In the village of Ernestynów (Lubelskie province) lived Stanisław (1897-1946) and Feliksa (1898-1984) Adameczek with their family. In the summer of 1942 Herszl Kurchant came to their farm asking for shelter for himself and his children: Marianka, Blima and Lejba. The man was a shoemaker, lived in Serokomla, and had known Stanisław since before the war. When in 1942 the Germans began liquidating the local Jews, Herszel’s wife Fajga and their four children were murdered. The man and his remaining offspring managed to survive and decided to look for a hiding place. Stanisław did not leave them in their hour of need, he dug a shelter for them under the granary on his farm. In addition, the Adameczeks made one of their rooms available to Herszl so that he could perform his work. Once in a while, Herszl and his children would go out to the nearby forests to meet other Jews hiding there. One such outing in August 1943 turned out to be tragic. Following an anonymous tip-off, the German gendarmerie raided the forest. Several dozen Jews were killed, including Herszl and Marianka. Blima, who was severely wounded, was taken back to the Adameczeks. For the sake of the girl, Stanisław went to Dęblin for bandages. Lejba also managed to survive and return to the hiding place, together with another Jewish woman, Dorka Ajzenberg. For unknown reasons, the man returned to the forest, from which he never came back. Before leaving, he asked Stanisław and Feliksa to look after his sister and Dorka. Thanks to the care of the Adameczek family, they managed to survive until the end of the war. Dorka Ajzenberg emigrated to Israel, and Blima Kurchant remained in Poland, changing her name to Marianna Adameczek.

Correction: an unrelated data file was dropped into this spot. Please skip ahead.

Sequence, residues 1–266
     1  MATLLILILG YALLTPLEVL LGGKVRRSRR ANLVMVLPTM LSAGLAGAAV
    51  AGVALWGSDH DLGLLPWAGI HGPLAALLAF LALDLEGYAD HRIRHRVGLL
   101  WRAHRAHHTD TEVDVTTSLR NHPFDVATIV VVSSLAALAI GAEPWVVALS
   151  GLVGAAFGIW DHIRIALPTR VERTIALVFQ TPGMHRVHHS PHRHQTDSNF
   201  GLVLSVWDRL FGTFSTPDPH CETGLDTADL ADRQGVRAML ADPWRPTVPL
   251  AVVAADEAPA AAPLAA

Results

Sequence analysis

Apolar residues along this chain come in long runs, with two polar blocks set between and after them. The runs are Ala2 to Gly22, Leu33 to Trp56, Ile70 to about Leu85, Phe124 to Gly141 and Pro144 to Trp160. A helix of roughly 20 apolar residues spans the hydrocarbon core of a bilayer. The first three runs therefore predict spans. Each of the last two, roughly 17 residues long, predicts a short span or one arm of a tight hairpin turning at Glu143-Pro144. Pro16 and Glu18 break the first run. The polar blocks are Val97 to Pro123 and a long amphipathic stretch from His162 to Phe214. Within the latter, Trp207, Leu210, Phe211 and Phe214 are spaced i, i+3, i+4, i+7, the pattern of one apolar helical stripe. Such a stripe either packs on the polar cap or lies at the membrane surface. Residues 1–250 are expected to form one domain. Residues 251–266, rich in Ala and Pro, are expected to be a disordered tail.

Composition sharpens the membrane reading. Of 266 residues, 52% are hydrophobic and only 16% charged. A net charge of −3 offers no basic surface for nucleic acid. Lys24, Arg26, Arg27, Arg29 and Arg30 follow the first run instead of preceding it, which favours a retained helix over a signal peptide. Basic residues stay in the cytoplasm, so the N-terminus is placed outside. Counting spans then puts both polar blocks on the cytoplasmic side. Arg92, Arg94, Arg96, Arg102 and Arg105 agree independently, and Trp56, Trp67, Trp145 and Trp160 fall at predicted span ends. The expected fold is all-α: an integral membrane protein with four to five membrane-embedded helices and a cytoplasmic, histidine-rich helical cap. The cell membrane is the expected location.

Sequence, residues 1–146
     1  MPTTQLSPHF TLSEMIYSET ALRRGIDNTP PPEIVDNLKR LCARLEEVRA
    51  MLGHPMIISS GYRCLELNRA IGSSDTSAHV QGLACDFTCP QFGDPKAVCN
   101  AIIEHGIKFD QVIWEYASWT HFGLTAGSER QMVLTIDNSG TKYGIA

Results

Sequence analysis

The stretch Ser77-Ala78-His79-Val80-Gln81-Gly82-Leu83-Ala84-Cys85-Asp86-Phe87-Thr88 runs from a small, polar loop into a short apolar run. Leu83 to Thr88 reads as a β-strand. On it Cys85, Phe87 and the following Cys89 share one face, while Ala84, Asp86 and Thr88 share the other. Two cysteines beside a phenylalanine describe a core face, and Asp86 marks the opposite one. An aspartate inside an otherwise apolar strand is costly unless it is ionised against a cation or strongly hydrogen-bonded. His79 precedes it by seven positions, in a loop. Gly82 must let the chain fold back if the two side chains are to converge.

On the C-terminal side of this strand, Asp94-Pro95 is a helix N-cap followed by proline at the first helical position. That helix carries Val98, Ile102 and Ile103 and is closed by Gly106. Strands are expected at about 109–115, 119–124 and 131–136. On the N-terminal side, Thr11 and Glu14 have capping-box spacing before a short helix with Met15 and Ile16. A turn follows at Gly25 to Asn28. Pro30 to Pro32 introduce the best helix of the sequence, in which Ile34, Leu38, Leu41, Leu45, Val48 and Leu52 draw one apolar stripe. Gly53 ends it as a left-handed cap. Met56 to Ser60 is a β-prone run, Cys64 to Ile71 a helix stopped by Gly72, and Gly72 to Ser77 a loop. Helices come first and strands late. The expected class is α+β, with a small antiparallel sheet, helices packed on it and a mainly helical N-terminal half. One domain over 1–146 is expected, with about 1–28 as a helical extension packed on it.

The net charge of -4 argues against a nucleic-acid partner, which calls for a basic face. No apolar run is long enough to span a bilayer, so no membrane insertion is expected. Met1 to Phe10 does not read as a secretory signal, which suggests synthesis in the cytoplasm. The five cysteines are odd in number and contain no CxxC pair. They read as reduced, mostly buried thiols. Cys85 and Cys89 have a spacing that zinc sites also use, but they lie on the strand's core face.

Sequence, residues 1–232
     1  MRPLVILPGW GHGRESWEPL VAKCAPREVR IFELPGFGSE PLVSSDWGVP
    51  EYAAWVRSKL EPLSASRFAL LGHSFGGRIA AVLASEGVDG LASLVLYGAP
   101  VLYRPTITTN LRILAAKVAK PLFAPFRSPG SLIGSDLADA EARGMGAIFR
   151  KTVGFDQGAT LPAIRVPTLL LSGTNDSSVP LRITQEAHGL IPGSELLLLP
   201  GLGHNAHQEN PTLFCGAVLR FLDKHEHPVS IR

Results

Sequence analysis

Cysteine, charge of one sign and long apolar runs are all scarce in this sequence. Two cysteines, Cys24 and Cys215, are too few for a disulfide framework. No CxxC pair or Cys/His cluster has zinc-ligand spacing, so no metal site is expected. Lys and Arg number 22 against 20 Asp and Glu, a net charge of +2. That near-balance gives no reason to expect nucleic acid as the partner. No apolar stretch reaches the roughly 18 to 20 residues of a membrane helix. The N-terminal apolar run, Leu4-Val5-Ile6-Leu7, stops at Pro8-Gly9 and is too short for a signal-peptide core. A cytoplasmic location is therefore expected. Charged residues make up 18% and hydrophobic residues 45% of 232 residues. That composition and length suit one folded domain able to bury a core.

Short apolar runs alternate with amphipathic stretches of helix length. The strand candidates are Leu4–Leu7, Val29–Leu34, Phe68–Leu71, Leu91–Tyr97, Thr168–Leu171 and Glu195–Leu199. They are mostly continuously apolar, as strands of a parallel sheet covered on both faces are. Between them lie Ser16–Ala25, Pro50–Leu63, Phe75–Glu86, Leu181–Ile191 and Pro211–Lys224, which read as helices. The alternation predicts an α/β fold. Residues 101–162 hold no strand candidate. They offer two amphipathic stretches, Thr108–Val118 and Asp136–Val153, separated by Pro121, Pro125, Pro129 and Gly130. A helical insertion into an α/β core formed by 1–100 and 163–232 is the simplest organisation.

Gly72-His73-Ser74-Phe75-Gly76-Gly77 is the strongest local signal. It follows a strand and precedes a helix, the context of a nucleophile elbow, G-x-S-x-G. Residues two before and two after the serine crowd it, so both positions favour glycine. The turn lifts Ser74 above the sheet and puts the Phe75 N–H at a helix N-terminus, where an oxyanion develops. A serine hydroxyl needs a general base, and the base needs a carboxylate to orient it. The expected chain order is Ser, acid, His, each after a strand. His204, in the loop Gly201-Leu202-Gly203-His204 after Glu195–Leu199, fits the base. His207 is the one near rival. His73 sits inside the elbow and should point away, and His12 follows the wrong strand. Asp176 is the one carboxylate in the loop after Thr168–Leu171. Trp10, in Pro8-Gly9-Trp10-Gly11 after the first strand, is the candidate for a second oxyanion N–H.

The Yad Vashem Institute, recognising the merits of Stanisław and Feliksa in saving the Jewish people during the Holocaust, honoured them with the title „Righteous Among the Nations” on 4 May 1994.”